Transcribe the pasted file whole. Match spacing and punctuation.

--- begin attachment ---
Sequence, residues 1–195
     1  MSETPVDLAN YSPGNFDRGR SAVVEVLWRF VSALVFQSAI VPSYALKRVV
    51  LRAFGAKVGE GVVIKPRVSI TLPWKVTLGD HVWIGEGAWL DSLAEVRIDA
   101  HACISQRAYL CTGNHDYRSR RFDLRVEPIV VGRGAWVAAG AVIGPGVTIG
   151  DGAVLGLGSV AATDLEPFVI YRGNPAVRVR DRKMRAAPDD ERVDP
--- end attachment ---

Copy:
Sequence, residues 1–195
     1  MSETPVDLAN YSPGNFDRGR SAVVEVLWRF VSALVFQSAI VPSYALKRVV
    51  LRAFGAKVGE GVVIKPRVSI TLPWKVTLGD HVWIGEGAWL DSLAEVRIDA
   101  HACISQRAYL CTGNHDYRSR RFDLRVEPIV VGRGAWVAAG AVIGPGVTIG
   151  DGAVLGLGSV AATDLEPFVI YRGNPAVRVR DRKMRAAPDD ERVDP